One of the main goals is to help people develop skills so they can accurately complete a job application, find a job, learn computer skills, get a GED, and even learn how to become a U.S. citizen. Many adults may find it difficult to go back to school, so teachers are well trained in providing assistance.
The National Work Readiness Credential is offered across the country. It is a web-based assessment that uses real-world scenarios and examples in order to demonstrate that job candidates have the basic workplace skills that most employers list as essential. The focus is on entry-level work which can help people set foot into a new job. Candidates obtaining the National Work Readiness Credential can help prove to employers that they have the knowledge, skills and ability to succeed in entry-level jobs, regardless of the field.
Computer Based Training is also offered and is critical to obtaining a well paying job in today’s workplace. Understanding the ins and outs of the latest software and computer systems can open up doors for candidates. Considering that many schools and centers now offer their vocational programs on line, having a computer may help people upgrade their from your own home.
On the Job Training (OJT) will usually be available in partnership with local employers, government agencies, or non-profit organizations. OJT is a subsidized employment opportunity which will place an individual with an employer. Once hired by a private or public company, the candidate will receive training that provides them with the knowledge/skills essential to perform the job adequately and to meet the employer’s expectations.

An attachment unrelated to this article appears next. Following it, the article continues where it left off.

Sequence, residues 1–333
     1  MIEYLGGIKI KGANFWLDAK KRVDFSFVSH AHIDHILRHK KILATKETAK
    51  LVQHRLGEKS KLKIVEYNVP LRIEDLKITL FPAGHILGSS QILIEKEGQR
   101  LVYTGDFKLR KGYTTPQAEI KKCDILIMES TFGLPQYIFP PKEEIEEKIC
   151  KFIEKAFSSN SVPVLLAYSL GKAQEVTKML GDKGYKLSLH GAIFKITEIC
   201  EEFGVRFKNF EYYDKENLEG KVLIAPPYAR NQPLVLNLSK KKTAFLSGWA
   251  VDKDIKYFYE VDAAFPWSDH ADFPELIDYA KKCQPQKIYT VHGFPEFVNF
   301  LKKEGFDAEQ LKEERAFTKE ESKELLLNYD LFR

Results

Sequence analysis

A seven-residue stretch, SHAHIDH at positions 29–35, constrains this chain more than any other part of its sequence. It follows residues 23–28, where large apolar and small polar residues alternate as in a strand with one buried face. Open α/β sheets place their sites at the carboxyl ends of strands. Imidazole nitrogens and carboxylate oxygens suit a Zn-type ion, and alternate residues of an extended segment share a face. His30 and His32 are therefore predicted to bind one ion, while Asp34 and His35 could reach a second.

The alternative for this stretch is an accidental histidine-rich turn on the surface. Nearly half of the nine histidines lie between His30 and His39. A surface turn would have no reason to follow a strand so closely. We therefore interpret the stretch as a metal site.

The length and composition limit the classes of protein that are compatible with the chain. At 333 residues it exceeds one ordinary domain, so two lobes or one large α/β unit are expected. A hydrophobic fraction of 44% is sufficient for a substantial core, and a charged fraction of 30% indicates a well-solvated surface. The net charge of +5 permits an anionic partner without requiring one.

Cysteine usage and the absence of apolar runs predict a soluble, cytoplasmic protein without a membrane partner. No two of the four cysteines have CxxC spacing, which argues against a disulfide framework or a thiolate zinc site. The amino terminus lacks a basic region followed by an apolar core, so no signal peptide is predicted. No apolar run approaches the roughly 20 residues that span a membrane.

Vocational education classes are yet another way for people to learn the skills needed for today’s high demand occupations. This includes, but is not limited to, electronic technology, nursing, medical technician, truck driving, medical/dental assistant, computer programming, construction trades, and other occupations. Many of these higher demand occupations offer employees good, livable wages and also career advancement opportunities.
Resume review and interviewing skills can be enhanced at a center. Clients will be able to meet with a staff member to go over and improve their resume. Or when you have that first job interview lined up go through a practice trial run in order to get experience and feedback.
Apprenticeships are yet another valuable resource. Qualified clients can learn a highly skilled occupation through a local and regional apprenticeship program with local employers. These programs operate in most states, town, and counties. They are also generally operated on a voluntary basis by a "sponsor", which will be a local employer.
The One-Stop Career Center program and system is available nationwide. It is coordinated and run in partnership with the federal government Department of Labor's Employment and Training Administration (ETA). To get more information, or to find a center near you, dial 877-872-5627, or use the state list below.